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Medical and Mental Health Care Challenges in Nursing Homes, Assisted Living, and Programs of All-Inclusive Care for the Elderly (PACE) During COVID-19

Published:February 06, 2022DOI:https://doi.org/10.1016/j.jamda.2022.01.072
      Much has been written about COVID-19 in nursing homes (NHs),
      • Shen K.
      • Loomer L.
      • Abrams H.
      • Grabowski D.C.
      • Gandhi A.
      Estimates of COVID-19 cases and deaths among nursing home residents not reported in federal data.
      and some has been written on assisted living (AL)
      • Thomas K.S.
      • Zhang W.
      • Dosa D.M.
      • et al.
      Estimation of excess mortality rates among US assisted living residents during the COVID-19 pandemic.
      ; however, virtually no research has addressed its impact in community-based long-term care programs such as the Program of All-Inclusive Care for the Elderly (PACE). Because AL residents have many of the same morbidities as NH residents,
      • Zimmerman S.
      • Carder P.
      • Schwartz L.
      • et al.
      The imperative to reimagine assisted living.
      and because PACE participants are required to be NH eligible, a comparative understanding of the impact of COVID-19 across settings is overdue and can inform the ongoing evolution of models of long-term care. This research uses statewide data to examine experiences regarding medical and mental health care in NHs, AL, and PACE programs.

      Methods

      There are 12 PACE programs in North Carolina, serving 37 of the 100 counties. All NC PACE programs and NHs were eligible to participate, as were AL communities that had at least 35 licensed beds (the national average).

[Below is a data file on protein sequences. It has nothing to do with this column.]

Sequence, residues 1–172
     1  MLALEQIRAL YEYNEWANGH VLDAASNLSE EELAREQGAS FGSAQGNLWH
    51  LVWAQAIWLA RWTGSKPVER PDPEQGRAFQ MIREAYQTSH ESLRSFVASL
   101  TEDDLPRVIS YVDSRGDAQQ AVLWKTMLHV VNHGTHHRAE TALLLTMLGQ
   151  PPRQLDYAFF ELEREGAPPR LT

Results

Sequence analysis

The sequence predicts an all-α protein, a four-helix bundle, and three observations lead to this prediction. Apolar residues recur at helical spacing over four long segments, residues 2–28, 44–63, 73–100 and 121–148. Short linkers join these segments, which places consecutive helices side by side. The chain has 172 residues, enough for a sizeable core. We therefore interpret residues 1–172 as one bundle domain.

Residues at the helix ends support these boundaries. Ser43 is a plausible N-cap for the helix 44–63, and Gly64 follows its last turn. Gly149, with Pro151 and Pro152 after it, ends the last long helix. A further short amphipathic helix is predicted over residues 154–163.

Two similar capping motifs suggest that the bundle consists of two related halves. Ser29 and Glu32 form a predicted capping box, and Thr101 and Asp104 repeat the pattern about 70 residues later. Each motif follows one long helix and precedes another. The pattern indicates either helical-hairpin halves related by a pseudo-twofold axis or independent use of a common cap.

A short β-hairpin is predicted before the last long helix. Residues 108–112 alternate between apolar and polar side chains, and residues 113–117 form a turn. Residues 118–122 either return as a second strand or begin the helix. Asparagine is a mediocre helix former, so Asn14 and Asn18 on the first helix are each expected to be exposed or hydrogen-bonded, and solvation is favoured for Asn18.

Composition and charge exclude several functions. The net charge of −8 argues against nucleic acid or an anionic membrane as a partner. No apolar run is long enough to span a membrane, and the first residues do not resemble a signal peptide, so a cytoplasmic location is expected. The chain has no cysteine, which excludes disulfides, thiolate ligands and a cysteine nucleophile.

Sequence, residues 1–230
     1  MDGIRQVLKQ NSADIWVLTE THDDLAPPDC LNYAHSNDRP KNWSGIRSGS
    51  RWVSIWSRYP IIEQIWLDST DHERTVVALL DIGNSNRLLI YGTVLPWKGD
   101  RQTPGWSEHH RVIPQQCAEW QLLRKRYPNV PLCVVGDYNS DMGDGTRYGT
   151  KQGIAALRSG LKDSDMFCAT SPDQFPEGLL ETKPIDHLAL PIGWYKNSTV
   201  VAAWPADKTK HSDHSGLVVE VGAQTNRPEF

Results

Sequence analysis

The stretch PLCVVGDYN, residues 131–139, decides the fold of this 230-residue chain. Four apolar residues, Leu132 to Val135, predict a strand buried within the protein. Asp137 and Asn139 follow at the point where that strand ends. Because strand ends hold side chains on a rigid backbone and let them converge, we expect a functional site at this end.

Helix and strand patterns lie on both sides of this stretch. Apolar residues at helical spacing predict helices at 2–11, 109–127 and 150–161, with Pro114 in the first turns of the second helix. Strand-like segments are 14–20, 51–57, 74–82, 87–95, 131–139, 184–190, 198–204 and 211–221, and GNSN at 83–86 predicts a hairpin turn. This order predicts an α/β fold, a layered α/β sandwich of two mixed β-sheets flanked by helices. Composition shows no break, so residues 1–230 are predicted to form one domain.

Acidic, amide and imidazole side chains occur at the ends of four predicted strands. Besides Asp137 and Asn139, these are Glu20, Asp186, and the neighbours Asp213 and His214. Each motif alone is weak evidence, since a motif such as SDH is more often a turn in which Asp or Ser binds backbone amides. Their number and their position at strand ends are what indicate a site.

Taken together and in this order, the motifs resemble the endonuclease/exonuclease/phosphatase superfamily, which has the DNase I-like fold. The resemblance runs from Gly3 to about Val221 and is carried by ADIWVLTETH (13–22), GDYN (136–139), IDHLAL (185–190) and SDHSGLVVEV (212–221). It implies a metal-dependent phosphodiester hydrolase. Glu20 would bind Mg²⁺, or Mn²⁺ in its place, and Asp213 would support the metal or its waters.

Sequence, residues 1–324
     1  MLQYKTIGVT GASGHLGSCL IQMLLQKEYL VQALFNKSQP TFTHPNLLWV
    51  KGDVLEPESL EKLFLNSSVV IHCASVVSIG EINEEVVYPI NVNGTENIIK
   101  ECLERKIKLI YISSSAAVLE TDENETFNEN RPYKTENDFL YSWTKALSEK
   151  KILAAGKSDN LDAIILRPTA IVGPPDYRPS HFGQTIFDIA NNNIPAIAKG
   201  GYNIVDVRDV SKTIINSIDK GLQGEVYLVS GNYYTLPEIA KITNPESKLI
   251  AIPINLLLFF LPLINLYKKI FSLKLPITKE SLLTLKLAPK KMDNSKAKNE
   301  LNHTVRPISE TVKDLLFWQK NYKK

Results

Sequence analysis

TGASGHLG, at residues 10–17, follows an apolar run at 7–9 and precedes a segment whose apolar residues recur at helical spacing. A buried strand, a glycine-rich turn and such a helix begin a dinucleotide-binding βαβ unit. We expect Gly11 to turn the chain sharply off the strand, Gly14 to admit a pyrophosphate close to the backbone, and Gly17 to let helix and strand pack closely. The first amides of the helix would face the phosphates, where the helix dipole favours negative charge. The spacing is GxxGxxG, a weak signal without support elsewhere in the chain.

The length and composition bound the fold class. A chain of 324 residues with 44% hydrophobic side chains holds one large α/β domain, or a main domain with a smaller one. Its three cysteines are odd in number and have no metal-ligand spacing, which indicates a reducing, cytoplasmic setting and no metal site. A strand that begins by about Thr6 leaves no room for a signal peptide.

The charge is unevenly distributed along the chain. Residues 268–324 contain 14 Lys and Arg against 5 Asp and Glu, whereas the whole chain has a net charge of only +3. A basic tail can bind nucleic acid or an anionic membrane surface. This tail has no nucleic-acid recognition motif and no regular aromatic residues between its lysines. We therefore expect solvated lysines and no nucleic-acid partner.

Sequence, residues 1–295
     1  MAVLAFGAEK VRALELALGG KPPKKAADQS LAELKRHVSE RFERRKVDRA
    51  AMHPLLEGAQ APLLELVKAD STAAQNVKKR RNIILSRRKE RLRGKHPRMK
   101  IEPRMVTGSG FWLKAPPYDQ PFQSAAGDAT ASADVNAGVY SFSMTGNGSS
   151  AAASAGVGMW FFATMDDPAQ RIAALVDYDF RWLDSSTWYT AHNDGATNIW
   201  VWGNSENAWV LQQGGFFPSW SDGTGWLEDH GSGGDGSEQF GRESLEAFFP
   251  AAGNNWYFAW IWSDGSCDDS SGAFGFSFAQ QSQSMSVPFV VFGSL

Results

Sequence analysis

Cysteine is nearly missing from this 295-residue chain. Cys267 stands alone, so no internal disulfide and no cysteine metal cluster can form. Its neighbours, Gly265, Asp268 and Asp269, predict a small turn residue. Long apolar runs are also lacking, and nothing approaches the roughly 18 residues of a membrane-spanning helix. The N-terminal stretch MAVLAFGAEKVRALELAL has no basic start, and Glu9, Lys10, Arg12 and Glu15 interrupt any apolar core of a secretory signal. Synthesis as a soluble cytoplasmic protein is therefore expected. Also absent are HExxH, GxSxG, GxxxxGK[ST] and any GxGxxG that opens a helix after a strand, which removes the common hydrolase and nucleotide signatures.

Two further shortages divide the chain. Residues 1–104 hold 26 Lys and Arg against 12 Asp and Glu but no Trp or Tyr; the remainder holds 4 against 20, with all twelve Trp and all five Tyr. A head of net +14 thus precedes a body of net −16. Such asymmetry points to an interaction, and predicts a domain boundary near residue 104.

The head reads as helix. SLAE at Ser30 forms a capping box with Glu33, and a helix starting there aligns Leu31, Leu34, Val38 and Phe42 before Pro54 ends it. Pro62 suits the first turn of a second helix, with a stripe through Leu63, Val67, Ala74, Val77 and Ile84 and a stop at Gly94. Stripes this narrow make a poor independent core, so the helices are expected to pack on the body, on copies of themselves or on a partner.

• Harris-Kojetin L.
      • Sengupta M.
      • Lendon J.P.
      • et al.
      Long-term care providers and services users in the United States, 2015–2016. National Center for Health Statistics.
      The NH and AL community closest to each PACE program was invited to participate until 12 of each were recruited. Administrators participated in a Zoom interview, received $50 for their time, and provided consent. The study was determined to be exempt by the Institutional Review Board of The University of North Carolina at Chapel Hill.
      Data were primarily qualitative but also included a small number of close-ended questions; the quantitative data related to medical and mental health care are shown in Table 1. Interviews were conducted December 2020–January 2021, and questions referred to the entirety of the COVID-19 experience during 2020. Results were summarized overall and by setting type using univariate statistics. Given the small samples, differences by type were tested using Kruskal-Wallis tests with ties (continuous variables) or Fisher exact tests with the Mehta-Patel extension (nominal variables). For comparisons demonstrating a P ≤.15 difference, further post hoc individual tests were conducted using Dunn's test. Data were analyzed using Stata, version 16.1.
      Table 1COVID-19 and Perceptions of Medical and Mental Health Care, by Setting Type (N = 36)
      Overall (N = 36)Nursing Home (n = 12)Assisted Living (n = 12)PACE (n = 12)P Value
      Mean (SD) or n (%)Mean (SD) or n (%)Mean (SD) or n (%)Mean (SD) or n (%)
      COVID-19 cases (per 100 PACE participants or 100 beds)
       Positive participant/resident cases21.6 (23.7)35.7 (29.6)15.8 (23.8)13.4 (3.3).046
      P values: NH vs AL = .009, NH vs PACE = .036, PACE vs AL = .28.
       Positive staff cases11.2 (11.5)19.4 (13.0)9.9 (10.9)4.3 (2.4).009
      P values: NH vs AL = .029, NH vs PACE = .001, PACE vs AL = .13.
      Medical and mental health care provision
       Had challenges having medical providers visit on-site25 (69.4)10 (83.3)8 (66.7)7 (58.3).54
       Had challenges having mental health care providers visit on-site28 (77.8)10 (83.3)9 (75.0)9 (75.0)>.99
       Percentage of medical care by telemedicine (past month)
      One nursing home respondent reported “don’t know” and is not included in the data.
      25.9 (28.9)25.5 (35.5)29.5 (32.3)22.3 (17.5).54
      Satisfaction with telemedicine for medical care